Yes, the Stefan-Boltzmann law is the more fundamental one (it applies to all objects that behave as blackbodies, which is good approximation for all stars), and it is so important in astronomy and physics that it really shouldn't have needed to be justified. Your observation of the error was correct.
We can also make the calculation a little more simple when we know the star's temperature and its radius in solar units. Then the luminosity in solar units is
Consider a star 6 times the radius of the Sun, with a temperature of 29,000K (about 5 times the Sun's temperature of 5800K). Square the 6 (that's 36) and raise the 5 to the 4th power (that's 625). Multiply 36 and 625 together, and that's 22,500 times the luminosity of the Sun. (The star you posted in the OP is a little bigger and a little hotter so it is even more luminous than this.)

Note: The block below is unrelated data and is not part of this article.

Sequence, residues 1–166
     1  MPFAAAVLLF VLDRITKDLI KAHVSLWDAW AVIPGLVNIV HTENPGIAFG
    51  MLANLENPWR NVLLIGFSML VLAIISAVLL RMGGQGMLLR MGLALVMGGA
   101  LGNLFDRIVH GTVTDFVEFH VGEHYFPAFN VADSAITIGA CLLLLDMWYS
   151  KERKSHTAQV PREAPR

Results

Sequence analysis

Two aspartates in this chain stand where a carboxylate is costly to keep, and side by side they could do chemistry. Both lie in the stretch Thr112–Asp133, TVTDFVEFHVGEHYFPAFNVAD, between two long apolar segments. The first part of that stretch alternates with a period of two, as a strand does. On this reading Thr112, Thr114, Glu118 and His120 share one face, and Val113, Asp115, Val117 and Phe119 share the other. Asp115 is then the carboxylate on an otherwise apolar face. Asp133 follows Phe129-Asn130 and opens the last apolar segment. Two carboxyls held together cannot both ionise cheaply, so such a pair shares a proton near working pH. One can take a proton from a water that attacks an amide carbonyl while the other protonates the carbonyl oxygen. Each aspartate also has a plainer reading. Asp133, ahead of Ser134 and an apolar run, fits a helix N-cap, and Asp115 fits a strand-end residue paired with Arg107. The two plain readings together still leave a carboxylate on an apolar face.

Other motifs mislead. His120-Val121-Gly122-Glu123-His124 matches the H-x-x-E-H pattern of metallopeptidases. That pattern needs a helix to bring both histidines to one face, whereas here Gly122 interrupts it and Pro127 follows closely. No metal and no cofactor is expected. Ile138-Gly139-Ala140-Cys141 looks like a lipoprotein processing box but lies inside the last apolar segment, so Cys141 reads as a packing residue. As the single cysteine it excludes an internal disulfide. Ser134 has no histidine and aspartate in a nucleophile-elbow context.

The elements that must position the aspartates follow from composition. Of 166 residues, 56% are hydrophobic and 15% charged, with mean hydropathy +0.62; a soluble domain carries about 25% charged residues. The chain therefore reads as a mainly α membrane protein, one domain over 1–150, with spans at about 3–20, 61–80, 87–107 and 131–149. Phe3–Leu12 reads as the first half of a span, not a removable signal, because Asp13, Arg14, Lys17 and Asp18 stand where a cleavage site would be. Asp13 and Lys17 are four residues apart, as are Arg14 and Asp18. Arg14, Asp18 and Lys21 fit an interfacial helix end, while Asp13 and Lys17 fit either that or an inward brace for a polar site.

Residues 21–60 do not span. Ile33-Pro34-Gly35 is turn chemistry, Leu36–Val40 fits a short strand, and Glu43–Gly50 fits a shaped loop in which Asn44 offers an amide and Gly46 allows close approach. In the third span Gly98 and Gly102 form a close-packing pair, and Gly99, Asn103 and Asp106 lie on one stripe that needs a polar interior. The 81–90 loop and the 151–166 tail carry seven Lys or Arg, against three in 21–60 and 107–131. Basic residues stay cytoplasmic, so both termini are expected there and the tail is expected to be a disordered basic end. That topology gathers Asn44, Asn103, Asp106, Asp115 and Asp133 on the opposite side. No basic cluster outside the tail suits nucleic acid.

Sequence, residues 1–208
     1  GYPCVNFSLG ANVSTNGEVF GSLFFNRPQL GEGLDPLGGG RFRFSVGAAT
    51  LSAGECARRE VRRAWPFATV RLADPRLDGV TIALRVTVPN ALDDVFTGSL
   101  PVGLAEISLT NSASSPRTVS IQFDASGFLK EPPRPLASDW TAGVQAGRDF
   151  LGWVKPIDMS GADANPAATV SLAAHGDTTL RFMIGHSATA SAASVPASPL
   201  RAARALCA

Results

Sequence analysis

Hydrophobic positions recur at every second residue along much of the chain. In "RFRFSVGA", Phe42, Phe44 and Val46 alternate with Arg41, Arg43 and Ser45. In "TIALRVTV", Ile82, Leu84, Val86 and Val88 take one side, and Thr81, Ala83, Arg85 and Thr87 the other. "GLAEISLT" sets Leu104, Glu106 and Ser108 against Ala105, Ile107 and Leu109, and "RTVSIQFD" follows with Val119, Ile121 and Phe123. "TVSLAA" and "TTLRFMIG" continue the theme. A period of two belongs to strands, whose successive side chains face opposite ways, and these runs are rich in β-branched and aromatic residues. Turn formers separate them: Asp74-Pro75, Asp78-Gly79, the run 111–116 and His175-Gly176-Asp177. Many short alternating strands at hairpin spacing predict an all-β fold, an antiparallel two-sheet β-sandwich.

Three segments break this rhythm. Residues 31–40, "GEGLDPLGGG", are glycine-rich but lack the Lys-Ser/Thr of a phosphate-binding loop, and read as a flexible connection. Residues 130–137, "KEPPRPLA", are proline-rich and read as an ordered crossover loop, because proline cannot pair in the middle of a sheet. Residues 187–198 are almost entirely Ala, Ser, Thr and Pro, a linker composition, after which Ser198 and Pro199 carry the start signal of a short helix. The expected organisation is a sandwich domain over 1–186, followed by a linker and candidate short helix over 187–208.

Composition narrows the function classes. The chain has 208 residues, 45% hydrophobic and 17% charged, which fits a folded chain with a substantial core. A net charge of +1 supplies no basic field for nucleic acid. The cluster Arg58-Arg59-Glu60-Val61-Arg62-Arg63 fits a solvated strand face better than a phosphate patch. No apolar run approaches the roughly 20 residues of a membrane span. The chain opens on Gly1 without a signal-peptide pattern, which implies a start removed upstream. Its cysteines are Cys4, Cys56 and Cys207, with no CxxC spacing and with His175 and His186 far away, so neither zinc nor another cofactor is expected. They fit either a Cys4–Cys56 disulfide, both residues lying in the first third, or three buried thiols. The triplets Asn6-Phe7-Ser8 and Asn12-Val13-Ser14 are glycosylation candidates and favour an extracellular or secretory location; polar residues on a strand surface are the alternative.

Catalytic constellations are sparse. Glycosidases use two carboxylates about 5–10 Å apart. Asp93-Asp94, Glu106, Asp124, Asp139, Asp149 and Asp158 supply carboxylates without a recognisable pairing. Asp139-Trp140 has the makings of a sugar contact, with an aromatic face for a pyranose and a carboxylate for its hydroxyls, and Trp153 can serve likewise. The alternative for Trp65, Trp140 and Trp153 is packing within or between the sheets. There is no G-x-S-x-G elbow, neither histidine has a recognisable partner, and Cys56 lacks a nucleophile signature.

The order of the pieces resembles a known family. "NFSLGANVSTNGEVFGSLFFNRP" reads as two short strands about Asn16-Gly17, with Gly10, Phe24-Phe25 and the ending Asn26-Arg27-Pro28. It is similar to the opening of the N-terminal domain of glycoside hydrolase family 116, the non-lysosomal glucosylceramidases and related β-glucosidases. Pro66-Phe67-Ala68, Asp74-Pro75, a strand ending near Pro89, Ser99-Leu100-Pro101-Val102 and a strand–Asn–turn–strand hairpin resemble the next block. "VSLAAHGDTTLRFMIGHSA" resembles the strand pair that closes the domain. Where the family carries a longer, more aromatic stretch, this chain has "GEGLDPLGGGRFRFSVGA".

I'm not sure of the cause for this error. I looked in earlier versions and could not find it in any O or B stars -- their luminosities appeared to be perfectly consistent with the Stefan-Boltzmann Law. I'll make sure that this is brought to SpaceEngineer's attention. Thanks for reporting it!